“Last Thursday I was riding down Pennsylvania Avenue toward the White House at about 5 p.m., was right here in front of the Wilson Building, and a car actually drove right into the bike lanes here and pulled a U-turn,” said Laura Bennett, 26.

This and other near-misses have scared her away from cycling each day to work.

“I personally have input my incidents that have happened along Pennsylvania Avenue into the online database,” Bennett said in an interview at the corner of 14th and Pennsylvania Ave. downtown. “If you select it and look at this particular intersection, there are multiple bubbles citing the exact same thing.”

Inadequate crash reporting

While providing a snapshot of traffic activity across the District, the online “safety map” is only the start of a move toward compiling more comprehensive data to help DDOT determine which streets and intersections are the most dangerous and why. But safety advocates contend the MPD does not provide the precise data necessary to assist traffic engineers tasked with implementing road diets.

In a policy paper distributed to the mayor’s office, D.C. Council, DDOT, MPD, and Department of Motor Vehicles, the Washington Area Bicyclist Association (WABA) outlined the inadequacies with the police department’s current crash reporting form, which does not meet standards established by multiple federal safety agencies, known as Model Minimum Uniform Crash Criteria (MMUCC).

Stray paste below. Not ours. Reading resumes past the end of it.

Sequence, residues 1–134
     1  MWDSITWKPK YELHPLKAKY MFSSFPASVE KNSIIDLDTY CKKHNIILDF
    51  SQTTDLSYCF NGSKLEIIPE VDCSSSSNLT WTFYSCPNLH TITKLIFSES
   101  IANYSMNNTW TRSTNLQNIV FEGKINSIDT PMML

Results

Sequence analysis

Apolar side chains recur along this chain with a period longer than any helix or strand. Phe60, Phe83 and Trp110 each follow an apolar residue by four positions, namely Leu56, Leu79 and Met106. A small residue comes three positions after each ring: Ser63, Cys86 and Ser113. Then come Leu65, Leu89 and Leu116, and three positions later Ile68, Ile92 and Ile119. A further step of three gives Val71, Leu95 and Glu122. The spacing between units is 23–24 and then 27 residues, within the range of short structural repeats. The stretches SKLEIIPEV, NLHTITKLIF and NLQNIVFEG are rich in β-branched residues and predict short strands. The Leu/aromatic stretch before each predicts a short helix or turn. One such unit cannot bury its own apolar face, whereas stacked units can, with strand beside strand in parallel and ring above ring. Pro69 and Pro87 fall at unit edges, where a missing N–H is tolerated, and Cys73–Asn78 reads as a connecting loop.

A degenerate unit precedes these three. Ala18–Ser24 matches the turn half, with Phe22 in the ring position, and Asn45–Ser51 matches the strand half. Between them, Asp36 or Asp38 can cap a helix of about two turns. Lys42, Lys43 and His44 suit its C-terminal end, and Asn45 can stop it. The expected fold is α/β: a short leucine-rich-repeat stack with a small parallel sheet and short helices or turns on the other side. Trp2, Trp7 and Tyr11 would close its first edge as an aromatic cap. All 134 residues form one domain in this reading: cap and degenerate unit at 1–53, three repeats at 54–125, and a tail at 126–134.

“The MPD’s PD-10 crash intake form has several deficiencies that make it difficult for police officers to capture accurately the important details of a crash involving a pedestrian or bicyclist,” the policy paper said.

For instance, the crash reports do not specify “the location of a non-motorist with respect to the roadway at the time of the crash (i.e. whether the non-motorist was on the sidewalk, a cycle track or bicycle lane, or the road), the action of a bicyclist immediately prior to the crash…the impact point at which a vehicle struck a bicycle,” and whether the bicyclist was wearing reflective clothing, using lights, or wearing a helmet, the policy paper said.

In an interview, Greg Billing, WABA’s new executive director, said D.C. must follow the lead of other Vision Zero cities to collect comprehensive data, publicize the location of crashes on a weekly basis, and integrate crash reports with medical records to determine why certain roads and intersections lead to the most serious injuries.

“We don’t have enough data. The MPD’s crash report is not in compliance with national standards,” said Billing.

Also, many minor crashes go unreported altogether. Typically a police officer will not file a report if there is no serious injury or property damage.

“It’s like the [crashes] never happened. All of that is data the city doesn’t have and is making incorrect conclusions about how to make our streets safer,” Billing said.

WAMU 88.5 requested an interview with D.C. Police Chief Cathy Lanier but a department spokeswoman said she was not available.